Tie a Knot at Shah Hamdan

The late Agha Shahid Ali once wrote in his collection of poetry The Country Without a Post Office of making a wish at Shah Hamdan, and sealing it with a knot as people do everyday. At Shah Hamdan, one of the oldest religious sites in the city, many come to make wishes and vow to untie the thread upon their hope's fruition. Behind Shah Hamdan runs the river Jhelum, and the site stands as testimony to the long Sufi history in Kashmir. Sayyid Ali Hamdani was a Sufi saint who most credit for bringing Islam into the valley of Kashmir. The architecture and painting of the site is exquisite, and only further frames the persistence, above all, of hopes. Small, colorful knots tied around the intricate latticework—dreams waiting to be fulfilled.

Comments wire litters the mural needlessly, at times adorned with acclimated bottle bottles dangling in anxiety of who ability bang them, signaling that conceivably anyone is attempting to breach a boundary.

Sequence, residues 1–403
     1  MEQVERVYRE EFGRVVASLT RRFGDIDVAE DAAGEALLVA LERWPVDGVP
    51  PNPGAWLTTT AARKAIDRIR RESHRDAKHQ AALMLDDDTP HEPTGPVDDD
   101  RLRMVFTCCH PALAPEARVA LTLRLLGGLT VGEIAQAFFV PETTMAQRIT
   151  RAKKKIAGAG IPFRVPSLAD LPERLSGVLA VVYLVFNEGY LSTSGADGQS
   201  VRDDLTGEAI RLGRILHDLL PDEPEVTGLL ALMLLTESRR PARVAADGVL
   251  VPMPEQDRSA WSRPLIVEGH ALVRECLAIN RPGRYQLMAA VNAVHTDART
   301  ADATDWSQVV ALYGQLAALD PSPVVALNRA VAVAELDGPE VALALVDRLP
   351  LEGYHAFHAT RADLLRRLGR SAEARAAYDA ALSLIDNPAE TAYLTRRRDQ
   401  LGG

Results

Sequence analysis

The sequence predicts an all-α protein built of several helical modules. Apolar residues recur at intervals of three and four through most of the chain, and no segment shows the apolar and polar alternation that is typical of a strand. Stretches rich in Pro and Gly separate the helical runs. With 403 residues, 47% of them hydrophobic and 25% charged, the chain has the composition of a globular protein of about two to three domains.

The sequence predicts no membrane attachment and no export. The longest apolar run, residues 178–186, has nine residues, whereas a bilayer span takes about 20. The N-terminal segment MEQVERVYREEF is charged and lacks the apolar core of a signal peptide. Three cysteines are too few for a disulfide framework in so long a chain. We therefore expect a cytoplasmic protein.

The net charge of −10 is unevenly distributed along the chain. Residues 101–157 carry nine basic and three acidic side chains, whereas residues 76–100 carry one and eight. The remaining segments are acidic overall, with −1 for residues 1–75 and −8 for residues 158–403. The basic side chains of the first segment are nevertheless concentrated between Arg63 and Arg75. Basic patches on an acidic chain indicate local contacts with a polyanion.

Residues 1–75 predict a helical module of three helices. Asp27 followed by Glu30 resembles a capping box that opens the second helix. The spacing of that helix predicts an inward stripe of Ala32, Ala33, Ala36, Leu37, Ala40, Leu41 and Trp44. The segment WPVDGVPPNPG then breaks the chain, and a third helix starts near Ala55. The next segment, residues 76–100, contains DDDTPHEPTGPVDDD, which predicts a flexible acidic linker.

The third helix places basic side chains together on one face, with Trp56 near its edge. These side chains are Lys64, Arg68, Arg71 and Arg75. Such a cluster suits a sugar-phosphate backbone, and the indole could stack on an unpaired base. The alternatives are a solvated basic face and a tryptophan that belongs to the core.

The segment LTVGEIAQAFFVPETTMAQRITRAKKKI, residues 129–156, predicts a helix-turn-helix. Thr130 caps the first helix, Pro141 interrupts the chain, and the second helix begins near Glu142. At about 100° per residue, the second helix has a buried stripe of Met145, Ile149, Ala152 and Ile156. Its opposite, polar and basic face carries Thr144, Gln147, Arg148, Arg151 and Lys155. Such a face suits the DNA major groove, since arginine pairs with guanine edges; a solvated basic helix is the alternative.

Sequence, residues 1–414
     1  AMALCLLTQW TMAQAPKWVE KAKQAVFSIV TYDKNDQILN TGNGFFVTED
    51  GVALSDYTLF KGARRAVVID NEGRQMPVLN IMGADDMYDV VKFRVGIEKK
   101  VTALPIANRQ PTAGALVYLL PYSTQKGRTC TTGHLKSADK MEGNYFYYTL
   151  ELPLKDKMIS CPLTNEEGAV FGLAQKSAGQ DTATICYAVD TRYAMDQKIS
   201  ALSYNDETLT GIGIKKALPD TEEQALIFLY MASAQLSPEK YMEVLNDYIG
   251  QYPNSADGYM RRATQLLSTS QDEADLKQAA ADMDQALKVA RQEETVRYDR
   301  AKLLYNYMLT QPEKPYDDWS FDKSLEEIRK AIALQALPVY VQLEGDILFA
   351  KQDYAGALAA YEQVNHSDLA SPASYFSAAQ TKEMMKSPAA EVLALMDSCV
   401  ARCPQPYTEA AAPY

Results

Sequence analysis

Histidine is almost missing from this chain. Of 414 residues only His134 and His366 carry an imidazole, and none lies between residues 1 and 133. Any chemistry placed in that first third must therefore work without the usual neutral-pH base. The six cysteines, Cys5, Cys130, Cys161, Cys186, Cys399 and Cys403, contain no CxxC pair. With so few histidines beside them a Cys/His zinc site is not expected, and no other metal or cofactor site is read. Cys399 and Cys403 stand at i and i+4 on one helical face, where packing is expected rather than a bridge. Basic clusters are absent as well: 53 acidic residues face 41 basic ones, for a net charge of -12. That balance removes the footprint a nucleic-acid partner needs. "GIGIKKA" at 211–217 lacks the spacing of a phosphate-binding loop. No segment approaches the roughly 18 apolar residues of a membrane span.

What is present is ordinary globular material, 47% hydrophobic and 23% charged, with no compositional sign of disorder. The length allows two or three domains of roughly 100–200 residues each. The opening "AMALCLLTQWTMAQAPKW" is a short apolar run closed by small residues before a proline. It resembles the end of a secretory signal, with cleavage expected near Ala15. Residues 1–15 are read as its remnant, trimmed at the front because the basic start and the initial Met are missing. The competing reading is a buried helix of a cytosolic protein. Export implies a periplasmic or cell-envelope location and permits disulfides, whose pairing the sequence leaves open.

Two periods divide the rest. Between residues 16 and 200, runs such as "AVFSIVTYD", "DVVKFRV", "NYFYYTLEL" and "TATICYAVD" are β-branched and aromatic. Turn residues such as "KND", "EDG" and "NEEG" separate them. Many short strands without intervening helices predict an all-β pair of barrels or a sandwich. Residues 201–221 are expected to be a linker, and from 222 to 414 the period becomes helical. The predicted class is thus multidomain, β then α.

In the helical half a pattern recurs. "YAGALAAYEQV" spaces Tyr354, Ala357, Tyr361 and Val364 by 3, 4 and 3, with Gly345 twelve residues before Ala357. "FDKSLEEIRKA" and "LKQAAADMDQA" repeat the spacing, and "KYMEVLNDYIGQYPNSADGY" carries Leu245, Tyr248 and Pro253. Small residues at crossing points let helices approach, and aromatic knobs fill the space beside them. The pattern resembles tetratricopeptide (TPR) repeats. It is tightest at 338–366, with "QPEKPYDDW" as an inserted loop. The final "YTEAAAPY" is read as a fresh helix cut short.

"I AM WRITING A BOOK ""MAGRAY- THE MARTIALS OF KASHMIR"".PLEASE HELP. MAGRAY 1. WHAT IS MAGRAY? Magray is a Martial Kashmiri tribe of Rajput origin. Magray sprung from Kashtri-un-Nassal Rajput. Kashtri-un-Nassal Rajput are one of the four classes of Hindus. Kashtri were people of ruling class having responsibility for the defence of the state. Ladhay Magray was the forefather of Magray tribe. Magres accepted Islam at the hand of Syed Ali Hamdani in thirteenth Century. The first person who entered in Kashmir and settled there belonged to Magray tribe thus making Magray tribe, the founders of Kashmir. Magray tribe ruled over Kashmir for seven hundred years. They invited Mughals to enter Kashmir in order to end disturbances in the valley. However, subsequently Mughals were defeated and pushed back by the Magray tribe. Magray tribe is settled all over the world with majority in Kashmir Valley. 2. VILLAGES AND TOWNS IN KASHMIR HAVING MAGRAY NAMES: a. Magray Village - District Bagh b. Magray City - Kuttan, Neelum valley, Muzaffarabad c. Magray Hills - Kanchikot, Rawalakot d. Magray Abad - Rawalakot e. Magray Gali - Lipa Valley, Muzaffarabad f. Magray Abad - Attmaqam,Kel road,Neelum Valley, Muzaffarabad g. Magray Village - Motarin, khaigala, Rawalakot h. Kharl Magrayan - District Bagh j. Sardari Magrayan- Neelum Valley Muzaffarabad 3. MEANINGS OF MAGRAY: - Magray is an ancient word, Magray means, ""The Martials"", ""The Warriors"", ""Military and war like people"". Magray is also spelled as Magrey, Magre and Magri, but the correct spelling is Magray. The plural of Magray is Magres. 4. REFRENCES:-All the historical books on Kashmir contain material on Magray tribe and their role in the history of Kashmir. Few of the historical Books are mentioned here for ref. a. Magray in the Eyes of History - By Sajid Latif b. Magray A Warrior Kashmiri Tribe - By Abdul Qayyum c. Valley of Kashmir - By Sir Walter Lirance d. Imperial Gazettier of India e. Tribes and Castes of Kashmir - By Muhammad Din Folk f. Castes and Tribes of Poonch - By Muhammad Din Folk g. History of Kasmir - - By Khawaja Azamey h. History of Kashmir - By Muhammad Hassan j. History Kabeer Kashmir k. Raj Tarangi l. Tareekh-e-Kashmir - By Professors Nazir Ahmed Tashna m. Kashmir in the Era of Muslim empires n. Tareekh-e- Malkan - By Dr Sadiq Malik o. Jalwa-e-Kashmir - By Dr Sabir Afaqi p. Baharistan-e-Shahi q. Magray The Martials of Kashmir - Sajiad Latif 5. WEB RESULTS:- All the Websites searched with “Magray tribe in Kashmir” mention a lot about the Magray. Few are: Altavista, Google, Yahoo, Msn, Alltheweb ,Metacrawal, Dogpile,Webcrawler and many more."